"As a global reference intended to aid in treatment, a GAF score does not itself necessarily reveal a particular type of limitation and is not an assessment of a claimant's ability to work.'" Garcia v. Astrue, 170 Soc. Sec. Rep. Serv. 686, 2011 WL 4479843 at *4 (E.D. Cal. 2011) (quoting Stokes v. Astrue, 2009 WL 2216785 at *7 (M.D. Fla. 2009)). In practice, "GAF scores are of very limited usefulness due to their failure to translate into concrete functional limitations.'" Id. (quoting Stokes, 2009 WL 2216785 at *7). See 65 Fed. Reg. 50764-65 ("The GAF scale... does not have a direct correlation to the severity requirements in our mental disorders listings.").

GAF scores are unreliable indicators of a claimant's ability to perform sustained work, as they are "merely a snapshot in time" that may or may not be supported by the overall medical record. Mann v. Astrue, 2009 WL 2246350 at *2 (C.D. Cal. 2009); see also SSR 85-15 ("Individuals with mental disorders" may adopt "a highly restricted... lifestyle within which they appear to function well, " but "may cease to function effectively when facing such demands as getting to work regularly, having their performance supervised, and remaining in the workplace for a full day."). Further, while a GAF score can tell the ALJ something in a very general way about a plaintiff's ability to perform basic work activities, the specific score does not address which particular aspect(s) of functioning is being addressed. Therefore, it can be difficult to ascertain whether GAF scores are meant to score a plaintiff's occupational functioning - ability to work - rather than perhaps addressing a plaintiff's overall symptoms or social functioning. See, e.g., Ackermann-Papp v. Comm'r of Soc. Sec., 127 Soc. Sec. Rep. Serv. 1163, 2008 WL 314682 at *3 (W.D. Mich. 2008); Bronson v. Astrue, 530 F.Supp.2d 1172, 1180-81 (D. Kan. 2008) (noting GAF scores "are in a continuum" and "include[ ] all problems affecting a patient"). "GAF scores do not dispositively assess a plaintiff's ability to work." Garcia, 2011 WL 4479843 at *4.

The ALJ gave little weight to Dr. House's opinion because it "is completely inconsistent with someone with a GAF score of 55, which represents someone with only moderate symptoms or difficulty functioning[.]" (AR 21.) Though the ALJ was permitted to consider the GAF score in his reasoning, see Rollins v. Massanari, 261 F.3d 853, 857 (9th Cir. 2001), he was not permitted to "rely on [the GAF] score alone. No single piece of information taken in isolation can establish whether [a claimant has] a marked' or extreme' limitation in a domain." 20 CFR § 416.926a(e)(4)(i). Moreover, the ALJ failed to explain why the GAF score - which does not dispositively assess Plaintiff's ability to work - superseded Dr. House's more precise opinions as to Plaintiff's ability to function in a work-related setting.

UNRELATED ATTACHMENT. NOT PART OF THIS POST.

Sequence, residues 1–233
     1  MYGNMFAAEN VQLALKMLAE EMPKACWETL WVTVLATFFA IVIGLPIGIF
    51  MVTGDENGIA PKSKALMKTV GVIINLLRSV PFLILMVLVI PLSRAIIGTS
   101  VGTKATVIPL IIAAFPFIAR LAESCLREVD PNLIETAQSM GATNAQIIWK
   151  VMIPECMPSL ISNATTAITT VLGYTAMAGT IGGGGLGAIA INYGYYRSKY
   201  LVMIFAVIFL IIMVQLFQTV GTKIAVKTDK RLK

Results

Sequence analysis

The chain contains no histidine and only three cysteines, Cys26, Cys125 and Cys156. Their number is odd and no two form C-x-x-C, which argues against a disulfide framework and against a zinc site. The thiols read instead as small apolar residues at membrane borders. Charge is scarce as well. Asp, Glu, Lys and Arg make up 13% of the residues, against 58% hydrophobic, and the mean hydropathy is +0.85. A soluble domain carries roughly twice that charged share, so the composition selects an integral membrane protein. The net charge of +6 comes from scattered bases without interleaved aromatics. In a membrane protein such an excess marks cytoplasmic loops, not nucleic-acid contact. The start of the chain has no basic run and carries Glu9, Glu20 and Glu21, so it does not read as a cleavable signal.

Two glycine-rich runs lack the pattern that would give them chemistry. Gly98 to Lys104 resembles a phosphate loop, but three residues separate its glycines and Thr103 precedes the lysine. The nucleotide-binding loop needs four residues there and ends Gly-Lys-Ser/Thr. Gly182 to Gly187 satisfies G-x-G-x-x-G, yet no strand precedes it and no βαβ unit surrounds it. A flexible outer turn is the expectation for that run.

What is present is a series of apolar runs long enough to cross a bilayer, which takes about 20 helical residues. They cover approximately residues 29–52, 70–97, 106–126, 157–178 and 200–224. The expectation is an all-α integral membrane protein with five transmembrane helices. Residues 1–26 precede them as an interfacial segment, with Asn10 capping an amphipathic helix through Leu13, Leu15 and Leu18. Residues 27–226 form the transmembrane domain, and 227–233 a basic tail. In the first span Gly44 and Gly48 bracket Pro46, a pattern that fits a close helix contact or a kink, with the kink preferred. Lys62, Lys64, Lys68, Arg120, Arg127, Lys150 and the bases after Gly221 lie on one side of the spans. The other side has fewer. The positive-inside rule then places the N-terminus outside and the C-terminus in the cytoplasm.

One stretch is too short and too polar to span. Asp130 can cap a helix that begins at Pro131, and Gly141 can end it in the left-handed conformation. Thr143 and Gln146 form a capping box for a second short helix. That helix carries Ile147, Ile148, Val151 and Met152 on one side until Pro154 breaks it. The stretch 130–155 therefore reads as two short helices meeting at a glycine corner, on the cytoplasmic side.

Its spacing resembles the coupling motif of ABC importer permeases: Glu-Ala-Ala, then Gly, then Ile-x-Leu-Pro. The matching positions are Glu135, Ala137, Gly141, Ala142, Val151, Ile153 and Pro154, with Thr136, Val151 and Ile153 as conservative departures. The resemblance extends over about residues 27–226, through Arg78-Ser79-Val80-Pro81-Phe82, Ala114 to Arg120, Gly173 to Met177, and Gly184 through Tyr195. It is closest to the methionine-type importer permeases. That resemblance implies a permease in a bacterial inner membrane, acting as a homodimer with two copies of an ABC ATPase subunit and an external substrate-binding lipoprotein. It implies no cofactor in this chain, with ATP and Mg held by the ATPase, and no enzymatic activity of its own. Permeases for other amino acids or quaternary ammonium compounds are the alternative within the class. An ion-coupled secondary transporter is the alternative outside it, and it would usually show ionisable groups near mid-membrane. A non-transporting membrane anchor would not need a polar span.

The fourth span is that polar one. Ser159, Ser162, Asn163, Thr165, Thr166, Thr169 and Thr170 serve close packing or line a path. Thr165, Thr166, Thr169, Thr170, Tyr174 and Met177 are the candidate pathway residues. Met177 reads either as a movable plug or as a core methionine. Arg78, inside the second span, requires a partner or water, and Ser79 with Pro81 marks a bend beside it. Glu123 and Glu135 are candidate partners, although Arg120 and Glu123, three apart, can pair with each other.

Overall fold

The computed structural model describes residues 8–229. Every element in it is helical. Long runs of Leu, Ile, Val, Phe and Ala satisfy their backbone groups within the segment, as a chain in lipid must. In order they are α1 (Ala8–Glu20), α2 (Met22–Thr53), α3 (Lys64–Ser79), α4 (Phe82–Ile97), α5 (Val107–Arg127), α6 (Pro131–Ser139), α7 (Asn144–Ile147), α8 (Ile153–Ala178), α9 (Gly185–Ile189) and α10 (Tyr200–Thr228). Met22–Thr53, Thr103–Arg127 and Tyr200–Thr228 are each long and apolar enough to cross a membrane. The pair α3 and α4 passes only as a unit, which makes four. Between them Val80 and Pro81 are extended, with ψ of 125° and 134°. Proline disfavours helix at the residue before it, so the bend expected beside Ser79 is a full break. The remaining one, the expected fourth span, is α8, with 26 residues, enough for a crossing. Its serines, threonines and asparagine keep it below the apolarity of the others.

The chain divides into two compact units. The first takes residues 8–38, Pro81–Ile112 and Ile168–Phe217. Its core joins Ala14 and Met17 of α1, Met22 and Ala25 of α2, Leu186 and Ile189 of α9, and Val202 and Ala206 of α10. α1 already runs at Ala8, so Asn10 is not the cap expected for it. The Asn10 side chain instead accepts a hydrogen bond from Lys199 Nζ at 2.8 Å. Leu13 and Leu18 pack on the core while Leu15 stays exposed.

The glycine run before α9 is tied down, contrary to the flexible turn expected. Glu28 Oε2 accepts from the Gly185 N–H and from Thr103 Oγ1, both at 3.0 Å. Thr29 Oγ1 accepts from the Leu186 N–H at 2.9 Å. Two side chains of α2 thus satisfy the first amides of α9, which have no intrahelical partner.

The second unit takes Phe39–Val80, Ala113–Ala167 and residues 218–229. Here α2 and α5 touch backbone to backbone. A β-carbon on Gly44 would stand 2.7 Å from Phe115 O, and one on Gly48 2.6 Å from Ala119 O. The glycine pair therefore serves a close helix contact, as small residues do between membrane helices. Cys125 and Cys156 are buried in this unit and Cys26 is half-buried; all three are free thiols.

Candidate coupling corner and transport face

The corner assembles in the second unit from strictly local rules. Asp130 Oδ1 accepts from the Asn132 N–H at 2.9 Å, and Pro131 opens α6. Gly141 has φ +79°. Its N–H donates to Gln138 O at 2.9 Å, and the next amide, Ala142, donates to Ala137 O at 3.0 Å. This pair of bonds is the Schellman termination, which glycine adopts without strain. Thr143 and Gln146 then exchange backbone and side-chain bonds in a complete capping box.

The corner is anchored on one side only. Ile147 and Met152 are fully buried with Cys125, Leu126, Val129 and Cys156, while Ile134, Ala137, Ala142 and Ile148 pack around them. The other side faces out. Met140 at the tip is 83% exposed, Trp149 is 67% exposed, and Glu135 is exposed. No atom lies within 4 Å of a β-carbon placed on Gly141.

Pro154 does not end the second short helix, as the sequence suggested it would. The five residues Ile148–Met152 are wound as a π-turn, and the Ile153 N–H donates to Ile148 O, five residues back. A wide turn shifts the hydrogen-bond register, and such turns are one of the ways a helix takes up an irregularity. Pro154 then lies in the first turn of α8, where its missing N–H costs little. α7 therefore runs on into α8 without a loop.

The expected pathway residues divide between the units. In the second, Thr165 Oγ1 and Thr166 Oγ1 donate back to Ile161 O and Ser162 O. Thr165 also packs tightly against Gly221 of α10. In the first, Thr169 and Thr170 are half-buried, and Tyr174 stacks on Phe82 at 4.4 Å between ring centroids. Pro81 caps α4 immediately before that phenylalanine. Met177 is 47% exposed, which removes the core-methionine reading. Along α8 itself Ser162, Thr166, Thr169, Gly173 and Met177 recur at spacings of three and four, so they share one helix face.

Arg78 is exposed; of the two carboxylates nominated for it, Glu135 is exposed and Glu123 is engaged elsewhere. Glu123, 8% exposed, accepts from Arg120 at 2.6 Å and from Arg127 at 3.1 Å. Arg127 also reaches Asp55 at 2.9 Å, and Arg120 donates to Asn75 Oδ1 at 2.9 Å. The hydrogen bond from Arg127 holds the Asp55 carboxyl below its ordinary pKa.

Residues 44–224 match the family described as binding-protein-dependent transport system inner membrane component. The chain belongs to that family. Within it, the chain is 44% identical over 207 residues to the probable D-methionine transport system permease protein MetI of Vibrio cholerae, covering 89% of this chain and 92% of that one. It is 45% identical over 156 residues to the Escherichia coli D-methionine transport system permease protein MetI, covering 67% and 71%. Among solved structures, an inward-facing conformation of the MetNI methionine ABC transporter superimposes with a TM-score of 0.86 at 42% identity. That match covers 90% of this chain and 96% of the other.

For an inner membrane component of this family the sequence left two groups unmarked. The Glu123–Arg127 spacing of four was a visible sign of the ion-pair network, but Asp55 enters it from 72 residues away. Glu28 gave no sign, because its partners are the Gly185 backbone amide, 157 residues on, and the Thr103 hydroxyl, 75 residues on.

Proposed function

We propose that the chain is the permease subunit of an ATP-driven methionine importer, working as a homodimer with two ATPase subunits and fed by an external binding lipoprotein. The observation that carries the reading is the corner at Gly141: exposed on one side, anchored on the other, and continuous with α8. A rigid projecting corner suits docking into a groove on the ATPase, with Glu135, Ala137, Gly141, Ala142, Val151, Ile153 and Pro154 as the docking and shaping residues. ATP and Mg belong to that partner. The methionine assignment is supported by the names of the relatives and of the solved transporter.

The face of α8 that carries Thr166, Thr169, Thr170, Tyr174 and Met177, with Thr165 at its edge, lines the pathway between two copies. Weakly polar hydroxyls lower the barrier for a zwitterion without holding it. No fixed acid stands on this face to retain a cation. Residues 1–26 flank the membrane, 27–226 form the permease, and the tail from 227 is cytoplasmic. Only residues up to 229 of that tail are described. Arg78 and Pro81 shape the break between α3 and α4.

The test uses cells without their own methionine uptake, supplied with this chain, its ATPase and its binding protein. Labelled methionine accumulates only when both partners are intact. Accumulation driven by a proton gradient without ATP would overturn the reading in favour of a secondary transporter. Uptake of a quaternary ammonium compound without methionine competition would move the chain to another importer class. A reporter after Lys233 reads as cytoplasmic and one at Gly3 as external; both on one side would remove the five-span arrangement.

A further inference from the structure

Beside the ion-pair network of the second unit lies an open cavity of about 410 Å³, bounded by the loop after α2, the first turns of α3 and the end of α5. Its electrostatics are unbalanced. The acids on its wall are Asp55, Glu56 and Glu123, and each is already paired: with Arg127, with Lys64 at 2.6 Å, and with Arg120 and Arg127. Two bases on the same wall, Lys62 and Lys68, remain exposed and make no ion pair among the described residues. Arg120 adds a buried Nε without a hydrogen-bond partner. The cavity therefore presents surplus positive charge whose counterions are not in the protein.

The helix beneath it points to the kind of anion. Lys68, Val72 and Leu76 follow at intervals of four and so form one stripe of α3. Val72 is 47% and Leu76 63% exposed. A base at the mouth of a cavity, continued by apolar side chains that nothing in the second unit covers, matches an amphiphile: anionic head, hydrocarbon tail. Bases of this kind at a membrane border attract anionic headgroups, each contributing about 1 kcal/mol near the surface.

While an ALJ may reject a physician's opinion as unsupported or inconsistent with his own examination findings, see Tomassetti, 533 F.3d at 1041, a single GAF score of 55 does not constitute substantial evidence in light of the record as whole. The Commissioner acknowledges "that there will be inconsistencies between a claimant's GAF scores and an assessment of a claimant's ability to do work; thus, it was error in this case to use this data, provided by [Dr. House], as a general assessment to disprove [Dr. House]'s more detailed, expert functional assessment." Provencio v. Astrue, 179 Soc. Sec. Rep. Serv. 558, 2012 WL 2344072 at *8 (D. Ariz. 2012); see 65 Fed. Reg. 50764 (cautioning that the GAF scale does not have a direct correlation to the severity requirements in the Agency's mental disorder listings).

When the record is viewed as a whole, it is apparent that while Plaintiff has adopted "a highly restricted... lifestyle within which [he] appear[s] to function well, " see SSR 85-15, his ability to function under any sort of pressure is severely impacted by his crippling anxiety ( see, e.g., AR 42-43 (unable to attend GED classes due to anxiety), 46-47 (unable to complete summer job due to anxiety), 48-50 (forced to skip "many, many days" at another summer job), 51 (unable to make phone calls due to anxiety), 267 (educational notes on Plaintiff's "anxious reactions" to stress including "shakiness, stammered speech, and memory loss")). The moderate GAF score Dr. House assigned to Plaintiff on a single day in 2012 appears largely to reflect Plaintiff's ability to retain his composure during an evaluation with a longstanding treating physician; when read in the context of the overall medical record, the score is not indicative of Plaintiff's overall ability "to function effectively when facing such demands as getting to work regularly, having [his] performance supervised, and remaining in the workplace for a full day." See SSR 85-15.

The ALJ also erroneously rejected Dr. House's opinion, in part, because "[a] person with such extreme limitations [as those opined to by Dr. House] would likely be institutionalized and unable to function at all and certainly would not be able to continue with their education right up until shortly prior to graduation." (AR 21.) The ALJ did not point to any medical evidence to support his opinion. ( See AR 21.) Though the ALJ may rely, in part, on his own observations, they cannot be used as a substitute for medical diagnosis. See Marcia v. Sullivan, 900 F.2d 172, 177 n.6 (9th Cir. 1990). An ALJ may not substitute his own layperson opinion for that of trained medical physicians, and "must not succumb to the temptation to play doctor and make h[is] own independent medical findings.'" Banks v. Barnhart, 434 F.Supp.2d 800, 805 (C.D. Cal. 2006) (quoting Rohan v. Chater, 98 F.3d 966, 970 (7th Cir. 1996)); see Garcia, 2011 WL 4479843 at *9 (same). See also Ferguson v. Schweiker, 765 F.2d 31, 37 (3rd Cir. 1985) (ALJ may not "set his own expertise against that of a physician who presents competent evidence").